Mobile payments are having a heyday. Apple Pay has been splashed across the news and 20-somethings are paying for taxis with their smartphones. Yet one stalwart risks being left out of the conversation: PayPal.
The key to mobile payments is ease of use—wave a smartphone or tap a button to transfer funds. No need to hit the ATM for cash or write a check and wait for it to be deposited. The less the customer has to think about it, the better, which is why companies like Stripe Inc., and potentially Apple Inc.’s new technology to pay with the swipe of a smartphone, are taking off.
That’s part of the reason PayPal is getting spun off from EBay Inc., giving the business more flexibility to innovate and become the method of choice to replace your wallet. Once known as the ground-breaking startup founded by the likes of Peter Thiel, Elon Musk and Max Levchin before it was purchased by EBay in 2002, PayPal is now facing new competitors from Square Inc. to Apple Pay, which will be introduced in the U.S. this month.
“If you’re below 30, PayPal’s not relevant,” Gene Munster, an analyst at Piper Jaffray Cos., said in an interview. “With consumer awareness, Apple is out there overnight. That’s a piece PayPal is desperately struggling with.”
A key ingredient will be changing the perception among younger, smartphone-tethered customers like Arielle Gurin, a 22- year-old student at the University of Maryland, who says PayPal is “outdated already.”
“I know you have to have it for like EBay, or you can use it for Amazon,” she said. “But I feel like it’s not big anymore.”
While the Web-payments pioneer has more than 152 million active registered accounts, the de facto focus for payments has become the smartphone, a market that PayPal had already tried to break into without much success. The company had the Beacon check-out device for retailers and restaurants that triggered a customer’s PayPal app on their phone, but people just weren’t using it—so much so that former CEO David Marcus had said that 2014 was the year for campaigning to lure consumers.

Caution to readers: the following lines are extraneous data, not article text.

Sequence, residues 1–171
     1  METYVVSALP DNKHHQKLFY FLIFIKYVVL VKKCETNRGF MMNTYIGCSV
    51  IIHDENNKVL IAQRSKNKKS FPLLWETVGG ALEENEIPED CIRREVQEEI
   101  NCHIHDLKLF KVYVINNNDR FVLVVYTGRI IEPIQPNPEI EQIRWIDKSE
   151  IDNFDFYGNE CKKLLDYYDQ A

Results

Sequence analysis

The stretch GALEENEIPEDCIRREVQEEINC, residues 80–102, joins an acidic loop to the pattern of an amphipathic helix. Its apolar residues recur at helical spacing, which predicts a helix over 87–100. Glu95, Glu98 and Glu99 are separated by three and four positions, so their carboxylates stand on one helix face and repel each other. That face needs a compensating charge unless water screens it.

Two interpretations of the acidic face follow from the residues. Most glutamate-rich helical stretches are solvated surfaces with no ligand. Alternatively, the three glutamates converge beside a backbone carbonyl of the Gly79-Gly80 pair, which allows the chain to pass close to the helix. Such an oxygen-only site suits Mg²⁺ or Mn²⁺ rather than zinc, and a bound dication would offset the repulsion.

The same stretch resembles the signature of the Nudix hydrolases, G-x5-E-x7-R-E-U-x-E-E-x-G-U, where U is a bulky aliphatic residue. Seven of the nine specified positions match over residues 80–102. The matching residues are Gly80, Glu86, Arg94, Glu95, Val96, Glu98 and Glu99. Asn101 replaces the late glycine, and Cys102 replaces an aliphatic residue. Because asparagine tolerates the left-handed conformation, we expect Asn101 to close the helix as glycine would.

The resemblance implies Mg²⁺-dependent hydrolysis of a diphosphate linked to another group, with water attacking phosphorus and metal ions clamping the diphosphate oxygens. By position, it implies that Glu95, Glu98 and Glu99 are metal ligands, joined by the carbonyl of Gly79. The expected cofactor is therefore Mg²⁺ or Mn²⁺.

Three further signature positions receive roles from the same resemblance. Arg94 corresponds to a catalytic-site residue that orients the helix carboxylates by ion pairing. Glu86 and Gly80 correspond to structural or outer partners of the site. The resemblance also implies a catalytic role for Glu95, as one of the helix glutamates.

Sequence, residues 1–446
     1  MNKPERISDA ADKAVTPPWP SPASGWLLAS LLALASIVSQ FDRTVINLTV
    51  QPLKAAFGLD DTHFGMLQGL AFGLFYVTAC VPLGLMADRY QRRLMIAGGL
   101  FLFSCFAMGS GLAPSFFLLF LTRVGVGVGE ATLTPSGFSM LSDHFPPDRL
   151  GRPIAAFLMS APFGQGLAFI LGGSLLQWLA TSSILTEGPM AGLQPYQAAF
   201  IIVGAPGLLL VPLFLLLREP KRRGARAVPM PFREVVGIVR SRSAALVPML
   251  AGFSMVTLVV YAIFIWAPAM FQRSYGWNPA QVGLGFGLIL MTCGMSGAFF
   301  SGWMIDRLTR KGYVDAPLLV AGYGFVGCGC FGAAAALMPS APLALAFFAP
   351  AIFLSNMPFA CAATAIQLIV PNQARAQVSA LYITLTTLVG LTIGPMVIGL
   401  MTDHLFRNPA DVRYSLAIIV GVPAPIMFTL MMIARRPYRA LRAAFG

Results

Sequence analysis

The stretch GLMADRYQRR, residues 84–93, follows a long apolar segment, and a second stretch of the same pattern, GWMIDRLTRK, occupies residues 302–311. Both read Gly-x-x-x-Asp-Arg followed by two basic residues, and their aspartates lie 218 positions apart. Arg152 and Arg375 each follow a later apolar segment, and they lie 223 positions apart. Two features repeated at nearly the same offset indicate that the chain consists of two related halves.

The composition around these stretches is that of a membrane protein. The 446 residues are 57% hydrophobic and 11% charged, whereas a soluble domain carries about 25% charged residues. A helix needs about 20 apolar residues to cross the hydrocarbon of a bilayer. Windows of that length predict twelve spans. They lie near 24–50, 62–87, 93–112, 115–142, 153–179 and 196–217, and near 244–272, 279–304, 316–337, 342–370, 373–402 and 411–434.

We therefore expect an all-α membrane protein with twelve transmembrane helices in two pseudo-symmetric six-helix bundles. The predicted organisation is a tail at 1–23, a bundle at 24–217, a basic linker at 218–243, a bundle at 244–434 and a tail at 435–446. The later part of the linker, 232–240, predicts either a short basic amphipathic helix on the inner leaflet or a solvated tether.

About a quarter of PayPal’s active users in the U.S. are 18 to 35 years old, said Chris Morse, a spokesman for the company. That’s more than researcher Forrester’s estimate that 18% of online adults fall in that age range, Morse said.
PayPal has gone after consumers with advertising at events like the Governors Ball music festival in New York, a three-day event where people flock to see shows from OutKast, The Strokes and Skrillex. The payment company had tried to get concert-goers to download its app to pay for food—an attempt thwarted by weak network connections.
In-store payments via smartphone is a revenue opportunity worth fighting for, even if that means reversing course after vowing earlier this year to keep EBay and PayPal together. The mobile payments market is potentially huge, with EMarketer projecting it to total $118 billion in the U.S. by 2018, up from $3.5 billion this year.
While PayPal may be a go-to for secure e-commerce transactions online, Davis Meiering, an undergraduate student at the NYU Stern School of Business, said it’s not what he turns to on his phone, whether it’s for payments between friends or in stores.
“I don’t use the PayPal app on my phone,” Meiering, 20, said. “I only ever use it online.”
Marcus, who had helped turn around PayPal by boosting active accounts more than 30% to almost 150 million during his tenure, left in June for Facebook Inc. It was an exit that EBay CEO John Donahoe called “unexpected.” Dan Schulman, an executive from American Express Co., is joining PayPal and will take over as CEO after the split.